// TBD: Unsure about DPI here.
      // Changed from a Canvas in the previous code.
      Grid parentGrid = new Grid();
      parentGrid.Width = this._pageSize.Value.Width;
      parentGrid.Height = this._pageSize.Value.Height;

      // Make a grid
      Grid grid = new Grid();
      grid.Margin = new Thickness(
        this._imageableRect.Value.Left,
        this._imageableRect.Value.Top,
        this._pageSize.Value.Width - this._imageableRect.Value.Width - this._imageableRect.Value.Left,
        this._pageSize.Value.Height - this._imageableRect.Value.Height - this._imageableRect.Value.Top);

      // How many squares?
      int squareCount = (int)(Math.Sqrt(this._itemsPerPage));

      // Make grid rows and cols
      GridLength length = new GridLength(1, GridUnitType.Star);

      for (int i = 0; i < squareCount; i++)
      {
        grid.RowDefinitions.Add(new RowDefinition() { Height = length });
        grid.ColumnDefinitions.Add(new ColumnDefinition() { Width = length });
      }

      // Make items
      int startIndex = this._itemsPerPage * pageIndex;
      int endIndex =
        Math.Min(startIndex + this._itemsPerPage, this._imageData.Count);

      int rowNo = 0;
      int colNo = 0;
      List<Task> imageLoadTasks = new List<Task>();

      for (int itemIndex = startIndex; itemIndex < endIndex; itemIndex++)
      {
        ImageUserControl control = new ImageUserControl();
        Binding binding = new Binding()
        {
          Path = new PropertyPath("ImageUri")
        };
        control.SetBinding(ImageUserControl.ImageUriProperty, binding);
        control.DataContext = this._imageData[itemIndex];

        imageLoadTasks.Add(control.LoadAsync());

        Grid.SetRow(control, rowNo);
        Grid.SetColumn(control, colNo);

        colNo++;

        if (colNo >= squareCount)
        {
          colNo = 0;
          rowNo++;
        }
        grid.Children.Add(control);
      }

      // Offset it into the printable area
      Canvas.SetLeft(grid, this._imageableRect.Value.Left);
      Canvas.SetTop(grid, this._imageableRect.Value.Top);

      parentGrid.Children.Add(grid);

      // Wait for the images to load.
      await Task.WhenAll(imageLoadTasks);

      return (parentGrid);
    }

and you’ll notice that I build up a List of Task around lines 39 and lines 51 and those tasks represent the async loading of those images into the ImageUserControl instances via the new LoadAsync() method I added.

When all those tasks are done (line 73) I will return the page.

My actual printing code had to change too to accommodate this new async way of building pages;

    void OnAddPages(object sender, AddPagesEventArgs e)
    {
      // Note: this code does not take notice of any page range specified
      // by the user. It should.
      this.Dispatcher.RunAsync(CoreDispatcherPriority.Normal,
        async () =>
        {
          for (int i = 1; i <= this._pageCount; i++)
          {
            this._document.AddPage(await this.BuildPageAsync(i));
          }
          this._document.AddPagesComplete();
        }
      );
    }

and this seemed to work out both in Print Preview;

image

and I can print to XPS with 1 per page;

image

and with (e.g.) 9 per page;

image

and that all seems to work ok and it comes out fine on my physical printer too.

The Code

Here’s the project for this one in case you want to download it. I took the images out though so all images now point to the logo in the project file.

Enjoy Smile


Posted Thu, Oct 25 2012 10:33 PM by mtaulty
Filed under: , ,

Comments

grant sutcliffe wrote re: Windows Store Apps and XAML Based Printing–Rough Notes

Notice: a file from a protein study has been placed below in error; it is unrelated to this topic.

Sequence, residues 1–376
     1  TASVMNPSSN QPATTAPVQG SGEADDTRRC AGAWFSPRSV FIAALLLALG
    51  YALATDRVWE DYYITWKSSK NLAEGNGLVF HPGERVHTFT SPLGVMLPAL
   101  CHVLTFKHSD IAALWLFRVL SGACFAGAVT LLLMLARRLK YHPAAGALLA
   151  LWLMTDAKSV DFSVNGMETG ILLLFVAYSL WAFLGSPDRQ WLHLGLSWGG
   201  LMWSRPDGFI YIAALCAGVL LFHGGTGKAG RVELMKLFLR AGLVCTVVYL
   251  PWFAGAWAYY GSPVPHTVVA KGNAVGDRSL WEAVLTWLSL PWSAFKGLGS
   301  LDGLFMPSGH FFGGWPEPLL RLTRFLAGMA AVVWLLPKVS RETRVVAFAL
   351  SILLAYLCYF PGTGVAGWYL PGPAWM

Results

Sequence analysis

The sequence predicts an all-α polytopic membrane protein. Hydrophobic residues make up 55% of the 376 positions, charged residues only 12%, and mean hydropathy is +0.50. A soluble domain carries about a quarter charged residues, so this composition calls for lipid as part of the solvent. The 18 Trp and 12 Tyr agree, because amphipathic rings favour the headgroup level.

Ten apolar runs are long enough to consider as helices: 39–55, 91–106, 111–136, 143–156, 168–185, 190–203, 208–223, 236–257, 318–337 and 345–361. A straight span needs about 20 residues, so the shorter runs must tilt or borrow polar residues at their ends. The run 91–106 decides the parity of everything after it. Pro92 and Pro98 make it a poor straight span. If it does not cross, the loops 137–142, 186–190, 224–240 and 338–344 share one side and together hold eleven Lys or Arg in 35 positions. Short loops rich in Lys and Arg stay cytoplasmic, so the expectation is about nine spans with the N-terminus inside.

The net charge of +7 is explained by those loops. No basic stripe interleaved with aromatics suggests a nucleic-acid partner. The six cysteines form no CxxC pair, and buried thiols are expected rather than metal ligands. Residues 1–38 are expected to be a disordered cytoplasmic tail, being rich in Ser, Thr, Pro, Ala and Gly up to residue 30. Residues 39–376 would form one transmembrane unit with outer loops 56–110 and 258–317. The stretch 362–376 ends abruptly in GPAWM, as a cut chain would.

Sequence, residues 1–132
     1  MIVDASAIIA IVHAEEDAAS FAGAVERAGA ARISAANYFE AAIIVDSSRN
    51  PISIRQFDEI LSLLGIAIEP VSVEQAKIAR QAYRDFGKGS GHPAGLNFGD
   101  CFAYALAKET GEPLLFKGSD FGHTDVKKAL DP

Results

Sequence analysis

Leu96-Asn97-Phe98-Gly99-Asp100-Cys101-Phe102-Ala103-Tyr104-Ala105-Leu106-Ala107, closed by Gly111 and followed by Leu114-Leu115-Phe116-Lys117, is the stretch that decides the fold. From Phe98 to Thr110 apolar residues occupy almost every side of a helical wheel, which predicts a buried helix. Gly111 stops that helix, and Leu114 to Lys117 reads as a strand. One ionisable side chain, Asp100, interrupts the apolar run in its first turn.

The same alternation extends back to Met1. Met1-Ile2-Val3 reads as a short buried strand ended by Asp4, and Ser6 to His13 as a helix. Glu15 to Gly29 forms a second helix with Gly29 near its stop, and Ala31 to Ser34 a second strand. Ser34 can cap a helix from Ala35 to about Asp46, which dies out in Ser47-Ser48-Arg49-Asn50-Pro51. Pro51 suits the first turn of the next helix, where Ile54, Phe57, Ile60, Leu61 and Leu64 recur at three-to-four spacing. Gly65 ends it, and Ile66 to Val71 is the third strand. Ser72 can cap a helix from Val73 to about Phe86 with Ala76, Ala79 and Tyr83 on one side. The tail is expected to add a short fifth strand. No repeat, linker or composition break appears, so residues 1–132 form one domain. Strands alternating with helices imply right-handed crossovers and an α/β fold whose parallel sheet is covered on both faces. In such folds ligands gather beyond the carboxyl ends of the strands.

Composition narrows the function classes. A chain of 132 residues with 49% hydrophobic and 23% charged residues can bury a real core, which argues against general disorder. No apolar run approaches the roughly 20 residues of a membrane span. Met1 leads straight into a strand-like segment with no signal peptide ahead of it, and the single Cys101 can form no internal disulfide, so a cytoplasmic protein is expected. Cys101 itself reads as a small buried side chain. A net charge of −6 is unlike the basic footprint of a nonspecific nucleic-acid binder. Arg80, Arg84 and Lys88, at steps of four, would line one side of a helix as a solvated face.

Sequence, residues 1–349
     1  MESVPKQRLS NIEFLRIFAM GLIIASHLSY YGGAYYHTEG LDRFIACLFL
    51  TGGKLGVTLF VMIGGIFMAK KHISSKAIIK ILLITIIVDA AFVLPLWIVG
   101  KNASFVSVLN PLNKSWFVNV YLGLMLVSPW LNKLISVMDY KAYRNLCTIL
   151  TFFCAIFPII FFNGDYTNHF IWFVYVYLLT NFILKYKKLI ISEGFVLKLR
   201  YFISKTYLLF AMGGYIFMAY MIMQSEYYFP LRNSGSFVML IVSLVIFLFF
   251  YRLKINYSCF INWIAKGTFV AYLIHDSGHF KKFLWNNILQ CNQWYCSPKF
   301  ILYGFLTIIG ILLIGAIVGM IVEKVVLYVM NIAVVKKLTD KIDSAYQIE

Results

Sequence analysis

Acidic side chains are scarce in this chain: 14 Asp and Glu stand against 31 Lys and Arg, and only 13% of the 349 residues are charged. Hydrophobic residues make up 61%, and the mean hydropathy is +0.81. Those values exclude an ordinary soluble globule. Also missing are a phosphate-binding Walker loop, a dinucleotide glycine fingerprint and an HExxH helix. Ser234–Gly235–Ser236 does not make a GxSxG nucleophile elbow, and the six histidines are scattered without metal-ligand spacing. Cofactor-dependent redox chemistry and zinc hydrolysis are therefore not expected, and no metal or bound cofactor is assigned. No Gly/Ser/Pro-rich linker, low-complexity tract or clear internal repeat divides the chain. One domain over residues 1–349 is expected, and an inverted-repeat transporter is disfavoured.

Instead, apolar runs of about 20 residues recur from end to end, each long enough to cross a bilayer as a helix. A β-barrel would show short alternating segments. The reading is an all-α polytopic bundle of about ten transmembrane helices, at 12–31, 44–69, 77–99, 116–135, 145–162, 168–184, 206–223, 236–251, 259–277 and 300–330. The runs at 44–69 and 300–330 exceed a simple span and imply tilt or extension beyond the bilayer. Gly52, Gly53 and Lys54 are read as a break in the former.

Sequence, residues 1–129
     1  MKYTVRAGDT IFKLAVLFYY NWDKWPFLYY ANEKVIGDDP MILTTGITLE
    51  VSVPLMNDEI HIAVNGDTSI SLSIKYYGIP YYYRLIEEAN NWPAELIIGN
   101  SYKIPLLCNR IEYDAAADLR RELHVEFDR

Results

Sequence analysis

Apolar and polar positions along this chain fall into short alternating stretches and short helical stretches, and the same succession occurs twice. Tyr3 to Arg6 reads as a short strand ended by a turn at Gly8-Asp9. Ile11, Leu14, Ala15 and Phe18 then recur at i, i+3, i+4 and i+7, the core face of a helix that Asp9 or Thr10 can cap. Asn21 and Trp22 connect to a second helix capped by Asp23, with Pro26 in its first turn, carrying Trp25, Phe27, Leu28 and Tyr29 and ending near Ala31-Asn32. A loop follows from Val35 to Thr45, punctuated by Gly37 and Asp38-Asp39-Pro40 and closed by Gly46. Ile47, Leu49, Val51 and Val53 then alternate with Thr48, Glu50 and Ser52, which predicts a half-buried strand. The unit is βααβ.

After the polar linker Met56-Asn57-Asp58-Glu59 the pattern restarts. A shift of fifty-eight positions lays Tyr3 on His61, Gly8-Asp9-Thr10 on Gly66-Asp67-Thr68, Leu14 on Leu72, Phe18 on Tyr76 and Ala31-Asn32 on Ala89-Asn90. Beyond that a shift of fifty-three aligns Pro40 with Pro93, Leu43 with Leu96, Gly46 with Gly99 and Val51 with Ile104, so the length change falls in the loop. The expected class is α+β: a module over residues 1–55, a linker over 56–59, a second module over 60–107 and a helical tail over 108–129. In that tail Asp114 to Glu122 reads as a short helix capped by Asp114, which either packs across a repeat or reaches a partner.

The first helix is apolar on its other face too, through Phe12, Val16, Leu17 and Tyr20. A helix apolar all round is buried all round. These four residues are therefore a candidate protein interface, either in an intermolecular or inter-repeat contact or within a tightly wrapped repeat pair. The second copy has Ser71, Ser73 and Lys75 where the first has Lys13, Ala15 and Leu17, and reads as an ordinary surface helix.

on Thu, Oct 25 2012 10:59 PM

Than Mike. A great blog with tons of info to get the teeth into.

research papers wrote re: Windows Store Apps and XAML Based Printing–Rough Notes
on Sat, Oct 27 2012 2:05 PM

thoroughly enjoy your blog posts and I consciously put into practice your

concepts as they allow us to..

MarkT wrote re: Windows Store Apps and XAML Based Printing–Rough Notes
on Sat, Nov 3 2012 4:47 AM

I spent a few hours watching last year's Build video and reading the documentation on Printing. But I learned more in 30 minutes here than everything else combined. How can the official docs not mention the threading issue?

I think you should transfer to the documentation team and write all the docs. Or maybe you should get into training, I think you missed your calling :-)

This is a long-winded way of saying "thank you".

mtaulty wrote re: Windows Store Apps and XAML Based Printing–Rough Notes
on Sat, Nov 3 2012 11:35 PM

MarkT,

Thanks for the kind comments - glad you found this useful. I try to explain things as I would like them explained to me.

Mike

bestresearchpapercom wrote re: Windows Store Apps and XAML Based Printing–Rough Notes
on Mon, Nov 5 2012 4:50 PM

Thank you for sharing this useful information.

Mike Taulty's Blog wrote Expense MX –A Windows 8 Store App
on Tue, Nov 6 2012 4:44 PM

In my ‘spare’ time I’ve been building a new Windows 8 Store App to go alongside my existing kwiQR app

Ch3rryC0ke wrote re: Windows Store Apps and XAML Based Printing–Rough Notes
on Tue, Nov 6 2012 10:58 PM

Fantastic blog post, particularly it clearly demonstrates how async loading of print pages and previews works-- in any practical application of printing, you will have to do async work.

I'm wondering if you've had a chance to dive more into how print DPI works-- I have an app that is a document viewer, so I can render each document page at any resolution, and I'd like to render it at the correct resolution to match the DPI of the printer.

However, when I step through the code, I see the printer responds with a DPI of 600x600, but the pageSize is reported with a pixel size that implies 96DPI.

I posted about this in the forums here: social.msdn.microsoft.com/.../b8ae97bf-2233-491b-b9e7-a9617597552a

Ch3rryC0ke wrote re: Windows Store Apps and XAML Based Printing–Rough Notes
on Tue, Nov 6 2012 10:59 PM

Also, one more question-- how would you break this out into a separate helper class? The problem I see is that the Dispatcher field is not available in just a basic class, as this is provided by LayoutAwarePage.